A few weeks ago I wrote about a session observing the objects described in the November 2009 "Deep-Sky Wonders" column. I also observed a fair number of objects from earlier columns, so it was a pretty strenuous night all in all.To reward myself at the end, I decided to take a quick look at Messier 33, the Triangulum Galaxy. I have very fond memories of observing this galaxy in 2004, when I was editing an article on M33 by Alan Whitman for the December, 2004 issue of S&T. Whitman identified more than 30 separate emission nebulae and star clouds within this galaxy using his 16-inch scope, and I was pleased to be able to see more than a dozen of those through my 12.5-inch Dob. So I figured I'd be able to see a few of them just at a glance.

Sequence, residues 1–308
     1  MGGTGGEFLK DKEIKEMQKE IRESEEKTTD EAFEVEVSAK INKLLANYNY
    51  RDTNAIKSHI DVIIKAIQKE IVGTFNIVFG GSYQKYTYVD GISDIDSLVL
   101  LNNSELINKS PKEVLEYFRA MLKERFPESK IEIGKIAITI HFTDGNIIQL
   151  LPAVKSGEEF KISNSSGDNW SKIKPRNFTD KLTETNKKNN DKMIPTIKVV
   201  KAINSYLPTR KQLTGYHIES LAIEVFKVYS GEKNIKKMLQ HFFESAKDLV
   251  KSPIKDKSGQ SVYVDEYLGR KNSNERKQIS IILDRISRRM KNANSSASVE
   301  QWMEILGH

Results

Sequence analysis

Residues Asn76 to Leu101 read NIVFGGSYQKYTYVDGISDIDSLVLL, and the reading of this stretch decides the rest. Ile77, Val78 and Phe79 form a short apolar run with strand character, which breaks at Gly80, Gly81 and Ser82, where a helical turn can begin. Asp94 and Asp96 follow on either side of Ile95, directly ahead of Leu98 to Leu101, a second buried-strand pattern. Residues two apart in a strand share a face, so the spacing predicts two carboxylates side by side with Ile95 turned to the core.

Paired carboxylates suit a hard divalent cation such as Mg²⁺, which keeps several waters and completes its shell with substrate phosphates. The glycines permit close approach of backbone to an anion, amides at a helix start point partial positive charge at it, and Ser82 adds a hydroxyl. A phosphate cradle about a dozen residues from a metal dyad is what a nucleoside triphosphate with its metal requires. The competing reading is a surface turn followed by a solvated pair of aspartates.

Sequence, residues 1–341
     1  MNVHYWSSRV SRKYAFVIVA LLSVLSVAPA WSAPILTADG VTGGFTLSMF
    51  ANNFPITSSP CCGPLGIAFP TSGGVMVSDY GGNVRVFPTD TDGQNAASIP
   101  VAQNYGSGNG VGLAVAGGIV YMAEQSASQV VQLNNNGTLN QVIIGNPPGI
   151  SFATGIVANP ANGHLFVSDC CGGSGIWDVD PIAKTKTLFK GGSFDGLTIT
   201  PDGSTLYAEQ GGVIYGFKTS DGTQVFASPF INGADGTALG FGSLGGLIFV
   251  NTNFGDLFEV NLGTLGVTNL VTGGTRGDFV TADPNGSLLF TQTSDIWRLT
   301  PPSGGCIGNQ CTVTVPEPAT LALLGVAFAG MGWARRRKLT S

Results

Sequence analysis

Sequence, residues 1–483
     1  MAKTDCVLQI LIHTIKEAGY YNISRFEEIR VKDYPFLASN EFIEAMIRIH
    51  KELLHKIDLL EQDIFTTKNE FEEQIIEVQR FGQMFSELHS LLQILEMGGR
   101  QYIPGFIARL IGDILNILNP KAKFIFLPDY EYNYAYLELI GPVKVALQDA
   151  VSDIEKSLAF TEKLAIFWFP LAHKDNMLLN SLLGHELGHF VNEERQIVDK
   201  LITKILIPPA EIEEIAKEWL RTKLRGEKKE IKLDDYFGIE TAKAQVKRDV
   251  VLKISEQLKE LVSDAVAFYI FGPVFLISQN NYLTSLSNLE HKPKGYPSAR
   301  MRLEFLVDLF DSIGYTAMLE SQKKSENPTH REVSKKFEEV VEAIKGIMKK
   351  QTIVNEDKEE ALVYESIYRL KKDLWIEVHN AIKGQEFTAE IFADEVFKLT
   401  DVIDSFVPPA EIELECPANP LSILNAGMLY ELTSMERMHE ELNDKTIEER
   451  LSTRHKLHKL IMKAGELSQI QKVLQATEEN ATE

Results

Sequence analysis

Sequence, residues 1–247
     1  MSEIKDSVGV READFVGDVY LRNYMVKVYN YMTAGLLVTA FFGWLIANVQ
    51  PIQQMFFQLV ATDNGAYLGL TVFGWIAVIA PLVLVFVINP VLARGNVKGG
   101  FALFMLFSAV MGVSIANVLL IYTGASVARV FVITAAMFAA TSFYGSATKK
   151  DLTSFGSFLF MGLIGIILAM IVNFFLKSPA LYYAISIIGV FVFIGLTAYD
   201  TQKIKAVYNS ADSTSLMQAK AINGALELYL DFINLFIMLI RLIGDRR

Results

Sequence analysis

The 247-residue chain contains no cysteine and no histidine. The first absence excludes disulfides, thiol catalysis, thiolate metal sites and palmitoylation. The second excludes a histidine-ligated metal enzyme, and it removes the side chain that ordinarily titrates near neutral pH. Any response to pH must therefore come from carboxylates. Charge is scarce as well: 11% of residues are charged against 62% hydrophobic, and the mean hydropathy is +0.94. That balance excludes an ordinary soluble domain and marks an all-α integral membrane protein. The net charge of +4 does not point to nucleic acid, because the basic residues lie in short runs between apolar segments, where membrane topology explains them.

On the contrary! At first glance, M33 was just a large, formless blob. It didn't take long to identify NGC 604, the brightest nebula, but after that I barely knew where to begin. Even the spiral pattern wasn't exactly obvious. And then I remembered just how long and hard I'd worked to find those dozen objects, with my labeled photo in hand.
M33 is paradoxical indeed. It's the 4th-brightest galaxy in the sky as measured by total brightness, but because of its relatively low surface brightness, it's extremely hard to see in light-polluted surroundings. Some beginners can't see it even through big telescopes under dark skies. It shows a wealth of detail, but picking out the individual components can be amazingly hard.
If you want to try identifying objects within M33 yourself, I've made Alan Whitman's article available as a 300-Kb PDF. Click here to read a summary of the article and to download the PDF, complete with a labeled photograph. That's what I'll be using next time I rendezvous with M33 and my 12.5-inch Dob.